Search and Destroy, Seek and Destroy, or even simply S&D, refers to a military strategy that became a notorious component of the Vietnam War. The idea was to insert ground forces into hostile territory, search out the enemy, destroy them, and withdraw immediately afterward. The strategy was the result of a new technology, the helicopter, which resulted in a new form of warfare, the fielding of air cavalry,[1] and was thought to be ideally suited to counter-guerrilla jungle warfare. The complementary conventional strategy, which entailed attacking and conquering an enemy position, then fortifying and holding it indefinitely, was known as "clear and hold" or "clear and secure." In theory, since the traditional methods of "taking ground" could not be used in this war, a war of attrition would be used, eliminating the enemy by the use of "searching" for them, then "destroying" them, and the "body count" would be the measuring tool to determine the success of the strategy of "search and destroy." It is common practice among military forces to enforce strict rules on a search and destroy mission.

It became an offensive tool, crucial to General William Westmoreland’s second phase. In his three phase strategy, the first consisted of slowing down the Viet Cong Forces; the second was to resume the offensive and destroy the enemy; the third was to restore the area under South Vietnamese government control. The Zippo missions were mainly assigned to the second phase around 1966 and 1967, along with operations “Clear and Secure.”

Search and destroy missions entailed sending out platoons, companies, or larger detachments of US troops from a fortified position to locate and destroy Vietcong or NVA units in the countryside. These missions most commonly involved hiking out into the "boonies" and setting an ambush in the brush, near a suspected VC trail. The ambush typically involved the use of fixed Claymore Antipersonnel Mines, crossing lines of small arms fire, mortar support, and possibly additional artillery support called in via radio from a nearby firebase.

In February 1967, the largest Zippo mission was operated in the Iron Triangle, located between Saigon and Routes 13 and 25. The area consisted of a mass centre of Viet Cong logistics and headquarters, where they had been operating plans for Saigon. The offensive began with Operation Junction City, where the American units assigned had destroyed hundreds of tons of rice, killed 720 guerrillas, and captured 213 prisoners. By destroying the headquarters, they disrupted any enemy plans for Saigon. Both Search and Destroy and Clearing missions stretched into the third phase beginning in 1968. The number of missions mounted, especially after the U.S. was hit by General Vo Nguyen Giap’s Tet offensive attack of 1968. As the war grew more aggressive, so did the missions, to the point where there was lack of distinction between Search and Destroy, and Clear and Secure operations.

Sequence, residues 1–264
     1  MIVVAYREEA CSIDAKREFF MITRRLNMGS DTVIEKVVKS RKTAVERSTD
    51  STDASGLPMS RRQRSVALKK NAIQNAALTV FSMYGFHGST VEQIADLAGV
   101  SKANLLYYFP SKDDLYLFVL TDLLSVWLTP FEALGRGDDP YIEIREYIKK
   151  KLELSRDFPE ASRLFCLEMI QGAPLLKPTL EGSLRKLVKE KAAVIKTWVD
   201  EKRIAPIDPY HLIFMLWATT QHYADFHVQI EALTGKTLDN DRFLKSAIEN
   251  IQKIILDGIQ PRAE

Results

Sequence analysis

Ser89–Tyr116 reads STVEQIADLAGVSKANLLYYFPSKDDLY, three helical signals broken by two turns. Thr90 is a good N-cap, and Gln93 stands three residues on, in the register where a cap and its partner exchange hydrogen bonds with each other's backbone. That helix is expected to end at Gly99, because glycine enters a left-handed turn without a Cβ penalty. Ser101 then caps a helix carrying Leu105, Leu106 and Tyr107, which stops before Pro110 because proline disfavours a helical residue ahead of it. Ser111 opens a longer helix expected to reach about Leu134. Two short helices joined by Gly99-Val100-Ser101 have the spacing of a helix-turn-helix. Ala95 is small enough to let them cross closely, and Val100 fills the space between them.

Search and destroy missions had many flaws. First, there was lack of distinction between “clearing” and search and destroy missions. Thus “clearing” missions, which were less aggressive, eventually morphed into a more violent and brutal form of tactic just as search and destroy missions were. With the lack of distinction between “clearing” and search and destroy missions, pacification was not pushed. Guenter Lewey, a Professor of Political Science at the University of Massachusetts, argued that the generals and war planners severely underestimated the enemy’s abilities to match and exceed U.S. forces.[2] Large numbers of Viet Cong troops would be killed or captured, but they were quickly replaced. Although enemy forces were pushed out of certain territories, as soon as the American forces left the areas, the North Vietnamese returned with more reinforcement. Zippo missions were counterproductive towards the U.S. objective in South Vietnam. They destroyed the countryside and rice paddies, weakening the economic productivity and creating inflation in South Vietnam. They created millions of refugees who lost their homes due to the missions that called for the destruction and setting fire to their bamboo houses. Moreover, with many refugees, and a damaged economic system, the missions hurt the political and social system in South Vietnam.

They also caused many American and Vietnamese casualties. In one of the first Search and Destroy missions northwest of Dau Tieng, named Operation Attleboro, the report states that 155 U.S. soldiers were killed, while the North Vietnamese lost 1,106. In Operation Junction City, the report states that 282 U.S. soldiers were killed while the Viet Cong lost 1,728 guerrillas.

References

  1. ^ Starry, p. 221
  2. ^ George C. Herring, American Strategy in Vietnam: The Postwar Debate.
  • Starry, Donn A. GEN. Mounted Combat In Vietnam; Vietnam Studies. Department of the Army, 1978.